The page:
Jatin Pandit: I feel remix is also a kind of creativity.

The only difference is that while some people have the knack for doing it right, others just ruin it.

For example, if someone remixed Bin Tere Sanam and gave it a new look and feel, then it sounds good.

Adding new beats and tweaking lyrics here and there is not the kind of recreation I like. It is just plain cacophony.

Honestly, I do not like remixes personally.

I am neither in favour of it nor I do it myself.

But if somebody is making a living out of it, then it's good for them.

IMAGE: Rani Mukerji, Shah Rukh Khan and Kajol in Kuch Kuch Hota Hai, which had music composed by Jatin-Lalit.

Do you think it somewhere shows the lack of creativity in today's composers?

I would not like to believe that.

There are several music directors who do good work.

The problem lies with our films. Bollywood films were known all over the world for their music and songs.

That identity has somewhat eroded over the years.

We do not make films which have scope for great music anymore.

You see, there is a dearth of lip-synched songs in films now; all songs are played in the background.

Film-makers are putting songs in films just for the sake of it, not for the pure love of music and songs.

Nowadays, you hardly hear a song which stays with you for some time.

In my heyday, film-makers would urge to create music which works and leaves a lasting impression. That was the approach back then.

Several films worked because their music worked.

Do you agree?

Raahul Jatin: I feel that the owners of music companies are not artists; they are businessmen. And a businessman means business.

Remixing a hit song minimises the risk to some extent.

Creating a new song comes with its own challenges and risks.

Having said that, there are so many talented people, who are creating good, original music.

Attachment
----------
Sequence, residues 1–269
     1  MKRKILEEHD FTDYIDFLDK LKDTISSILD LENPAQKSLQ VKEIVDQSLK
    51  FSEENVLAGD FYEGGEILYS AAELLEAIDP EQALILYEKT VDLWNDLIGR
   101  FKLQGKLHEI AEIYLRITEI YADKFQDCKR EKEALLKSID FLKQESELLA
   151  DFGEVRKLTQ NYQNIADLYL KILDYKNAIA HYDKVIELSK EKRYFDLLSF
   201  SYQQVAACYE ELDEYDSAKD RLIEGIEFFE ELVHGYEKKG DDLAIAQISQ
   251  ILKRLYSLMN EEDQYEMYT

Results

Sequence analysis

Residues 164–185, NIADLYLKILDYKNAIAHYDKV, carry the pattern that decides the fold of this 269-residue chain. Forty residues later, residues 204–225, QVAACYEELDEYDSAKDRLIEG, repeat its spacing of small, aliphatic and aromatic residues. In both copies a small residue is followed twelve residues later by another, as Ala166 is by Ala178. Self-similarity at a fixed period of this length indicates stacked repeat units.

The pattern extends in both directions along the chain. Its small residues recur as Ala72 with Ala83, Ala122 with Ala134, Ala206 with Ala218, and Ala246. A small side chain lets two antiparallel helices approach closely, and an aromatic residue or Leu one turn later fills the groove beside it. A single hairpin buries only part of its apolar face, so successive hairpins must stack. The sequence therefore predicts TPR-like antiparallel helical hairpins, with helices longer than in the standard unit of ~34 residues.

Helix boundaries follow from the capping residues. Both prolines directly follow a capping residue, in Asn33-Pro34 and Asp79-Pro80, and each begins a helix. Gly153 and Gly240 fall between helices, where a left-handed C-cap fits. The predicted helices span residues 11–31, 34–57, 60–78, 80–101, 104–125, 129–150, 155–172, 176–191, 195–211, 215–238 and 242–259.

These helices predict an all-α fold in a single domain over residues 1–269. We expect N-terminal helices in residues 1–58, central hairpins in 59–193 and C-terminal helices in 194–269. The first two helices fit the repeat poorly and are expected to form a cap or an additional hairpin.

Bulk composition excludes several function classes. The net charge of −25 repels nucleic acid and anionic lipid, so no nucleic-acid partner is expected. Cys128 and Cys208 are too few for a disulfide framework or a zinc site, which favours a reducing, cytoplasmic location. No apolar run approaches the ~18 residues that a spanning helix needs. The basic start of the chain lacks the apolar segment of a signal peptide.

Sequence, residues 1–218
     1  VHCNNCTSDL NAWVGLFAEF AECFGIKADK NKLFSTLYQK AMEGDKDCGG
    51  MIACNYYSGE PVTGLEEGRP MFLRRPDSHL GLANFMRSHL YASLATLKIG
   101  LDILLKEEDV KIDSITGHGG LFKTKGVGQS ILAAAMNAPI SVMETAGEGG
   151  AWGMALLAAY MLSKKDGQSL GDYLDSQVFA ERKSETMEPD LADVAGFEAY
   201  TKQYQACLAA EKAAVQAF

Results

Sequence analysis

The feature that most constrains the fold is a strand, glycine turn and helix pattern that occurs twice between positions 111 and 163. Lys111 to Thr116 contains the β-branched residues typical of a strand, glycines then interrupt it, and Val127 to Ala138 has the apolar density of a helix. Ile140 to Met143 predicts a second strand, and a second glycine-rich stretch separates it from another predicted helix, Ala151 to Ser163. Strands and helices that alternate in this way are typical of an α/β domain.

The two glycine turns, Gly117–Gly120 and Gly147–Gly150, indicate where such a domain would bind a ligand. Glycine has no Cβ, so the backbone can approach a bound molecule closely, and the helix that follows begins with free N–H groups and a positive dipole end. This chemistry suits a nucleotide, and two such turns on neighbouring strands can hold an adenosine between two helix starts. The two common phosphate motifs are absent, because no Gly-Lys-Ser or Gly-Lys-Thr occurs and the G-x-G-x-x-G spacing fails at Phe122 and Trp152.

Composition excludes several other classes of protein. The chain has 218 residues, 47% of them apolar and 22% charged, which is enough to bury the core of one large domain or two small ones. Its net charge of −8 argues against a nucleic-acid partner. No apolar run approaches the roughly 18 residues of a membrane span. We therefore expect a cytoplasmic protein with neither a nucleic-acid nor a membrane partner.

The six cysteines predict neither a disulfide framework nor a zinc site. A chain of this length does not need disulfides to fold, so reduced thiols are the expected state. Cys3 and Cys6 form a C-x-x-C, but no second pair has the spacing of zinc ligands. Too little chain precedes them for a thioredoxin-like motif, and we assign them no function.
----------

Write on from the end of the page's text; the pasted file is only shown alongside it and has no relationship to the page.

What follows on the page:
Today's composers are not any less talented. The main issue is that popular music labels don't want to take risks anymore.

IMAGE: Kajol and Shah Rukh Khan in Dilwale Dulhania Le Jayenge, another blockbuster with Jatin-Lalit's memorable music.

Would you like to touch any of your father's song and remix it?

Raahul Jatin: I would like to remix Mehndi Laga Ke Rakhna from Dilwale Dulhania Le Jayenge.

I want to change its original composition and musical arrangements.

I want to remix it because I seriously want to feature in the song and dance, wearing colourful clothes (laughs). There is no other reason.

But it's just a thought in my head.

I don't think I would ever want to change anything about Papa's songs.

Who is your favourite singer from the current lot?

Raahul Jatin": Everyone is good, be it Arijit Singh or Mika Singh.

Udit Narayanji is my all-time favourite.

Apart from being a legendary singer, he is also a great human being. He is a great friend of Papa, so I know him personally.

Did you go to recording sessions with your father?

Raahul Jatin: Not really. I used to be at school.

But I did go to some.

What I remember is that there would be an elaborate set-up to record a song, unlike today.

Back then, there used to be so many people who would come together to make a song. They would all gather together in one room and discuss.

I remember going to Papa's old studio. It would be teeming with people all the time.

Nowadays, there are only three or five people, who do everything, sitting on computers.

That is also one of the reasons we don't get those soulful melodies anymore.

 

WATCH: Do you know Jatin Pandit's favourite songs?

 

You have scored thousands of songs in your storied career. What are those five songs which are very close to your heart?

Jatin Pandit: This is an interesting question. But instead of picking five songs, I would like to pick the entire album of those five films whose songs I really like.